Alarm Veteran "Demands A Criminal Investigation" Of UL

By John Honovich and Brian Rhodes, Published Oct 18, 2019, 10:22am EDT (Info+)

The Interceptor's Project pressure against UL continues to rise. Following Keith Jentoft's allegation that "UL Has Blood On Their Hands", Jentoft has provided a letter from 36-year alarm veteran Peter Goldring sent to UL.

Goldring declares that it was "reprehensible that UL would try to sweep this matter under the rug" and that he will "demand a criminal investigation".

Inside this note, we go over the demand, the full letter, analyzing its claims and positioning.

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Poll / ****

Comments (16)

Goldring Responds

We forwarded this report to Goldring, and he responded on several points:

A good summary of events and unbiased.
You should clarify your interpretation of the criminality that a criminal complaint wouldn’t result in an arrest of any individuals at UL. No one will be doing a perp walk, rather a criminal complaint would be brought against UL. Although not an everyday thing, it is quite common. Businesses and organizations can be summoned to criminal court.
Examples include unpaid tickets on a business-owned vehicle, and building and/or fire code violations. No one goes to jail, but criminal courts impose hefty fines. Here’s a good explanation: Can a Corporation Be Charged With a Crime
The basis of my complaint is that my business (and thousands of your readers’ businesses) were damaged financially by UL’s claim that they tested the products in question and evaluated them against applicable codes and standards. When presented with a report, they chose to investigate using the same team trusted to review the equipment in the first place. Now, based on their recent press releases, they are trying to sweep this under the rug. I emphasize again - the manufacturer is the innocent bystander here. They sent their products (and a large check) to UL to confirm their engineers and manufacturing process met all applicable codes and standards.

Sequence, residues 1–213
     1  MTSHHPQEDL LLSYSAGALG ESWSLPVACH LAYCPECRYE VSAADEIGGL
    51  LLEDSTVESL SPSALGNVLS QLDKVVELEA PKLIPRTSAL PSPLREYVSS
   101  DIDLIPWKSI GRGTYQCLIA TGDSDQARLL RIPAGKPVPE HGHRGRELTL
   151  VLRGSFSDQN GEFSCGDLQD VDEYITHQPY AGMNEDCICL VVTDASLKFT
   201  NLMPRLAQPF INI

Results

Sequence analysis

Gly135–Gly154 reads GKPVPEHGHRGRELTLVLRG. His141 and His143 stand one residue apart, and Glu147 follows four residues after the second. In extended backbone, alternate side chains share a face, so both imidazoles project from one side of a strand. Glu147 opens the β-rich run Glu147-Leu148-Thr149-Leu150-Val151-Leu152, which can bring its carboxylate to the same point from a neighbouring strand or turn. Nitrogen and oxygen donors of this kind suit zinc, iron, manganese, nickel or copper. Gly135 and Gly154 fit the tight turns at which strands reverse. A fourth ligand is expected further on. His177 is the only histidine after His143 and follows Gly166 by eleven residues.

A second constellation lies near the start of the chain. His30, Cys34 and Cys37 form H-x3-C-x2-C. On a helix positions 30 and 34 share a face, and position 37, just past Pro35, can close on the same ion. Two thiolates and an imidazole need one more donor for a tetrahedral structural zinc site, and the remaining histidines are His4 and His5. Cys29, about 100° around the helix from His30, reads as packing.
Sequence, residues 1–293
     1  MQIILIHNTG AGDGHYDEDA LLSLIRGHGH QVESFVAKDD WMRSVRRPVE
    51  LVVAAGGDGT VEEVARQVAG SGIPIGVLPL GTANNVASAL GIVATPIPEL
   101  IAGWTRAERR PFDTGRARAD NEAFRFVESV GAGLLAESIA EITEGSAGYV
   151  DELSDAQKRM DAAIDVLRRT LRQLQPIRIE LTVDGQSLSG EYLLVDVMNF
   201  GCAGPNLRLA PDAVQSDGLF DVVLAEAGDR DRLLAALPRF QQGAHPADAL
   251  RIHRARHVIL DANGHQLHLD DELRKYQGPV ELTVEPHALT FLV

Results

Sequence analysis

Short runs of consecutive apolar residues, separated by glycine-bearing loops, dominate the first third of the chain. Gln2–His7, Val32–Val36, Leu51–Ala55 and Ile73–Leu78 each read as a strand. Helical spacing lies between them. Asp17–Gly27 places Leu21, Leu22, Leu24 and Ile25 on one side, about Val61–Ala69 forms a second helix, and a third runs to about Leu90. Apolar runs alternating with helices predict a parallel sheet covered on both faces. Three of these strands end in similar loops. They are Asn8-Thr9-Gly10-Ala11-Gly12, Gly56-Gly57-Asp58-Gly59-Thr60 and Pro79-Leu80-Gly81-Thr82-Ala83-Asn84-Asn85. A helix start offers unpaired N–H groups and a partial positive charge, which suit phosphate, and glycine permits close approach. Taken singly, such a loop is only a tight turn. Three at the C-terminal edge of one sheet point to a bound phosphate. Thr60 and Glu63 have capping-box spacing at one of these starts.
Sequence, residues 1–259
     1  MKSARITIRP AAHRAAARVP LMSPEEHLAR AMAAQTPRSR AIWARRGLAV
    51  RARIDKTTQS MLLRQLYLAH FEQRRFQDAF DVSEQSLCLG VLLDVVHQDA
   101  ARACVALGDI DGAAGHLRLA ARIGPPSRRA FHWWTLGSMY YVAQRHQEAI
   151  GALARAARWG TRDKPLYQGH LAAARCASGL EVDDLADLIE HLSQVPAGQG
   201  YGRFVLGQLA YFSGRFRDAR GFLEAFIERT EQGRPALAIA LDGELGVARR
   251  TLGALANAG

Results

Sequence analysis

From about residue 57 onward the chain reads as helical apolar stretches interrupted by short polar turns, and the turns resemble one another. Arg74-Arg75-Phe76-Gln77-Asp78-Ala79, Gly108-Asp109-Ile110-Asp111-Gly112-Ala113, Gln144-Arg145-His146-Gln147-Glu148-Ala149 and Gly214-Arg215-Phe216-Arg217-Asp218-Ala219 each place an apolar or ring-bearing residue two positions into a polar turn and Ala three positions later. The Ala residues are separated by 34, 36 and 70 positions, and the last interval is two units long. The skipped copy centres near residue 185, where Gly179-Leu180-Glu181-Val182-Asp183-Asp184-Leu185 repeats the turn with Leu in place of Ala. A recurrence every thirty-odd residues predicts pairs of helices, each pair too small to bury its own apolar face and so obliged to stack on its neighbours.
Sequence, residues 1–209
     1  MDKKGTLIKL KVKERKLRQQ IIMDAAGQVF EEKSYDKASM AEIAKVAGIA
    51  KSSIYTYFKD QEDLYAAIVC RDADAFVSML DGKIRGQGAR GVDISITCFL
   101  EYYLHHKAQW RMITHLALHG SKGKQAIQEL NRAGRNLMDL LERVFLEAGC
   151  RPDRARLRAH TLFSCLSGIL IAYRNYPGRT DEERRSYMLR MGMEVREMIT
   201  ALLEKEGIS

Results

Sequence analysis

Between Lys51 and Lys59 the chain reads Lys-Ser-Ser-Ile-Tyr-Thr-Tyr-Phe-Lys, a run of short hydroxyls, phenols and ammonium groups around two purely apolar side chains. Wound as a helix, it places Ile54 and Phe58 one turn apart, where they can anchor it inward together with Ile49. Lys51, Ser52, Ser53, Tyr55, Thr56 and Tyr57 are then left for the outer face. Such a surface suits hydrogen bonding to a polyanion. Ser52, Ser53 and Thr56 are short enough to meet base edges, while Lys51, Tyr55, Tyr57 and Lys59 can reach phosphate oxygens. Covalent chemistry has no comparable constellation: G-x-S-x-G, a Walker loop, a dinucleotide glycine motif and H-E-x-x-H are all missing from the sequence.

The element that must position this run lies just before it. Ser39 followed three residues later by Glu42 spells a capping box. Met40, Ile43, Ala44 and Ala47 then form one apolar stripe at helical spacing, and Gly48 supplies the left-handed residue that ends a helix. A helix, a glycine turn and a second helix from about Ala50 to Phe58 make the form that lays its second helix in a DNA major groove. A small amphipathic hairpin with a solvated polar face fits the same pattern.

Have a look at UL’s Standards of Business Ethics.
I think you’ll agree its no stretch that UL is violating their own published policies — especially in the way Mr. Zwirn’s report is being handled.
Last thought. I’d recommend you reach out to Kevin Faltin, VP of the Fire and Life Safety Business unit of UL and give him the opportunity to comment directly. I’m sure he won’t, but it would probably add some credibility if you indicated he was afforded an opportunity to react.
It’s relevant in the 'about Goldring' to include that I am NICET IV, Fire Alarms and in my career, I have designed, installed and overseen thousands of UL Certificated installations and have been admitted as an expert witness in dozens of cases involving electronic security systems.
Best,
Peter

Of note, we have reached out to UL and will post their response when received.

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This is starting to seem like a shakedown campaign by Zwirn and Jentoft.

Have they provided any statistics or data on the number of panels that have found to be compromised by such an attack?

I think part of this is that in general a UL mark does not have a unified perception by the public. Personally when I see a UL-listed product I generally only take that to mean the device is not likely to cause an electrical fire or similar malfunction. I have never interpreted a UL mark or listing as meaning "this device cannot be be compromised or bypassed in any manner".